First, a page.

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Winter Shelters Open Despite Grim Economic Outlook

Riya Bhattacharjee
Thursday December 04, 2008 - 09:47:00 AM

Despite the bleak economic scenario, Berkeley’s winter homeless shelters have reopened for the winter, with a couple of them reporting a slight boost in funding and one witnessing record turnouts. 

The city has typically offered at least four different kinds of shelter services to the homeless every winter, including the Winter Shelter program at the Oakland Army Base, the Winter Voucher program, the Emergency Storm Shelter program managed by Dorothy Day House and the Youth Emergency Assistance Hostel (YEAH!) at the Lutheran Church of the Cross on University Avenue, which caters to young adults. 

According to a 2003 survey of Alameda County’s homeless population, conducted by the Alameda County Continuum of Care Council, approximately 835 people are homeless on any given night in Berkeley, including 785 adults and 50 children.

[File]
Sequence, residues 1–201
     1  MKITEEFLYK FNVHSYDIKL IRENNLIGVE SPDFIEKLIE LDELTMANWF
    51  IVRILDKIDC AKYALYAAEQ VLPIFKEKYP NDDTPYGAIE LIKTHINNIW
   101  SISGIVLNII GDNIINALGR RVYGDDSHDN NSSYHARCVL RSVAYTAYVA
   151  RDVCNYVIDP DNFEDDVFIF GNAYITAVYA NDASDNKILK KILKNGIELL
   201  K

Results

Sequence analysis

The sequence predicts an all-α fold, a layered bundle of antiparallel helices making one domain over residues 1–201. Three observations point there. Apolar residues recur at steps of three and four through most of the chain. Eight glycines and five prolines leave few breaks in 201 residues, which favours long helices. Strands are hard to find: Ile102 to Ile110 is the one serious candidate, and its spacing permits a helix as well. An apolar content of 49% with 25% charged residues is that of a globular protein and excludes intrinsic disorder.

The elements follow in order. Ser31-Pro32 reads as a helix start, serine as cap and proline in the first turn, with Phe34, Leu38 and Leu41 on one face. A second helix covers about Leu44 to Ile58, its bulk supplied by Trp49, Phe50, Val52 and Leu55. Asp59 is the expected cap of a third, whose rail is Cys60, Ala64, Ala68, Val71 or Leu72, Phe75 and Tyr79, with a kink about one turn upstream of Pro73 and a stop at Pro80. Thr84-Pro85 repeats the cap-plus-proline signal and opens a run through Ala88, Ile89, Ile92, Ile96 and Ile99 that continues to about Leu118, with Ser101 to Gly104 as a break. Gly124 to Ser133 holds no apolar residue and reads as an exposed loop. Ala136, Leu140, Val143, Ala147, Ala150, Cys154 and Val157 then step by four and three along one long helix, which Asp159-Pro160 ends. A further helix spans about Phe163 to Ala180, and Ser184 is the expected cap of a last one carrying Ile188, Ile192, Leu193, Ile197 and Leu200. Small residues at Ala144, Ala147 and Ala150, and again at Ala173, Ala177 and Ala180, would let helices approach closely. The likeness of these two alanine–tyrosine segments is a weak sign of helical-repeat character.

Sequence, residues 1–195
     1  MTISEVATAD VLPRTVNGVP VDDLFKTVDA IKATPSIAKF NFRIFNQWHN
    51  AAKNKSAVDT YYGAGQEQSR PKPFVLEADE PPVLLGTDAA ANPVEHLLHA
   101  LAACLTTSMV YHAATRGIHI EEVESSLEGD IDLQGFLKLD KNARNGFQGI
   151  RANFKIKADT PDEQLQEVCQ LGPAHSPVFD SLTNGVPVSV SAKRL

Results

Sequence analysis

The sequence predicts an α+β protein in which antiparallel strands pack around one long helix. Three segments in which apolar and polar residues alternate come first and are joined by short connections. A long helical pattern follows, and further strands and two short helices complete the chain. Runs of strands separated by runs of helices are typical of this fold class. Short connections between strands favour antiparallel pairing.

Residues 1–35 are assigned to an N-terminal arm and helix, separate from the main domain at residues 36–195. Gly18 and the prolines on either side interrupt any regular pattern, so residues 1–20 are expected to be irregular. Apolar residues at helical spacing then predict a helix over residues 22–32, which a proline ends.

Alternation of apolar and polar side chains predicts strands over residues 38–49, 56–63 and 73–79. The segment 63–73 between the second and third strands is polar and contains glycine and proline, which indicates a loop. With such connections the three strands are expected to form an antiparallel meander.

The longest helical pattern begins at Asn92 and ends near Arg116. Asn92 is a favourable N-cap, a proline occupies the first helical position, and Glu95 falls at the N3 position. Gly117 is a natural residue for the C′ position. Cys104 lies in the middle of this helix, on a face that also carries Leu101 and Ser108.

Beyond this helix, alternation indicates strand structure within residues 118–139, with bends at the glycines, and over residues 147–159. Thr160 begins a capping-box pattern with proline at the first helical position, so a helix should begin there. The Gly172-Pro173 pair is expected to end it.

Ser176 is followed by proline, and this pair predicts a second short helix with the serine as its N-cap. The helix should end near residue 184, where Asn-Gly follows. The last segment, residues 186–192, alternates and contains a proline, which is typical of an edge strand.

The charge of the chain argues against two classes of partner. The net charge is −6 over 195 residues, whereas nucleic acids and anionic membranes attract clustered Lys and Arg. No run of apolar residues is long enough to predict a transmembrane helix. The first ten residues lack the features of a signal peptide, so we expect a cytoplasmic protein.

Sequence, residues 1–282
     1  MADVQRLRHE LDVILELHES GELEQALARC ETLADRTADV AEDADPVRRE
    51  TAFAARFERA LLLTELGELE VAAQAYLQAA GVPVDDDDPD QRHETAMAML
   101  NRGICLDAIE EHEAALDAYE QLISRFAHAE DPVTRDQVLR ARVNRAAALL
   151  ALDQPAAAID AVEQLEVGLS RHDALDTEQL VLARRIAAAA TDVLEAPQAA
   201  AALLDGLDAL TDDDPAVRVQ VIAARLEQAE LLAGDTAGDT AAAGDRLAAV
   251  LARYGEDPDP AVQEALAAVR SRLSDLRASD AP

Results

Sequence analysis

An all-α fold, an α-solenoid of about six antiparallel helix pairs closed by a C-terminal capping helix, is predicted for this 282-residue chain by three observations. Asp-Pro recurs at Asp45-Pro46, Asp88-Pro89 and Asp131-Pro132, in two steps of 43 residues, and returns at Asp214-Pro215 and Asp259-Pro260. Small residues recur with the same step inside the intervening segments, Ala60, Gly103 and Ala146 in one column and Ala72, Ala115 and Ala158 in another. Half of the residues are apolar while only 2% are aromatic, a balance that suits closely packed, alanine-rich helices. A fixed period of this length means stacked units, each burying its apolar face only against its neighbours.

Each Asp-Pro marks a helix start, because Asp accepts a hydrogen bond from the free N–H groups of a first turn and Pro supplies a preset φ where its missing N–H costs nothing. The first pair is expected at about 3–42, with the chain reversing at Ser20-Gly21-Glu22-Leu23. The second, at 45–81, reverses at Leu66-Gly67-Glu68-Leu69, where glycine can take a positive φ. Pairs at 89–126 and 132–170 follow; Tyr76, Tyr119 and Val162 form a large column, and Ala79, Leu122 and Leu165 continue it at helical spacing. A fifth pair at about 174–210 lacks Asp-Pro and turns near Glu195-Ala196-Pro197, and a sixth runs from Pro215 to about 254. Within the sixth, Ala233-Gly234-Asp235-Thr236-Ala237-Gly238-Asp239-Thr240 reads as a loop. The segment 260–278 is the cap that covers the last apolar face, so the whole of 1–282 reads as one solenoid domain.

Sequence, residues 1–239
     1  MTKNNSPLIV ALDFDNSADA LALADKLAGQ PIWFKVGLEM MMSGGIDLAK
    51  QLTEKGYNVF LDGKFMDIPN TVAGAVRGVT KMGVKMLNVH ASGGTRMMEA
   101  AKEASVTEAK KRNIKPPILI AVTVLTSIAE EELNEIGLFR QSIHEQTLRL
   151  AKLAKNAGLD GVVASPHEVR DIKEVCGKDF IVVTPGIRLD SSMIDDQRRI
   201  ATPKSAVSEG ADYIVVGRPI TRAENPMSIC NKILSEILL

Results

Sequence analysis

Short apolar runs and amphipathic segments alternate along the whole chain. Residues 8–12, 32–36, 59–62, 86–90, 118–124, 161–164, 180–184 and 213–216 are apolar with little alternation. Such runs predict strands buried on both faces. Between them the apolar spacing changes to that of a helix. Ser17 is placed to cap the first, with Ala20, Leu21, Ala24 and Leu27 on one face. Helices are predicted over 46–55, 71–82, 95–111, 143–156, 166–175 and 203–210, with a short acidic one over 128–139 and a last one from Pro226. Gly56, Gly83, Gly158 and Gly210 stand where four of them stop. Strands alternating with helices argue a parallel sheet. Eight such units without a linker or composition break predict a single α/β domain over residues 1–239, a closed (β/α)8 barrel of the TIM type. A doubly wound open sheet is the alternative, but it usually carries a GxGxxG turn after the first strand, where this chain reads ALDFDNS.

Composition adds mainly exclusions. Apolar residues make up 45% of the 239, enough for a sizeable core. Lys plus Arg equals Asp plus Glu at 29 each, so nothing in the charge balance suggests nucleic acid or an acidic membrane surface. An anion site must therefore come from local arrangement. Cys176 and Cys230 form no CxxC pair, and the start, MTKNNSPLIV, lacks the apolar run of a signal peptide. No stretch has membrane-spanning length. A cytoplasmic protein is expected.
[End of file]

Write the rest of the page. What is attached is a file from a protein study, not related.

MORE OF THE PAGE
A report submitted by Jane Micallef, acting director of the city’s housing department, states that the city has 150 beds located across four emergency shelters that operate throughout the year, although the demand for these beds—particularly during winter—consistently exceeds the number of beds available. 

Micallef said that the Winter Shelter and the Winter Voucher programs fill a critical gap in emergency housing, providing shelter to many of the “most fragile” of the local homeless crowd, especially when people struggle to find shelter from the cold winds or storms. 

A collaborative effort among the cities of Berkeley and Oakland, Alameda County and East Bay service providers, the Winter Shelter operates a 100-bed emergency winter shelter out of the former Oakland Army Base on a bud-get of $400,000, of which 29 percent comes from the City of Berkeley. 

Fifty of the 100 beds are set aside for Berkeley’s homeless.  

The Berkeley City Council recently approved an additional $5,000 in funds in October for the program to meet increasing facility costs, which raises Berkeley’s total contribution to $61,000.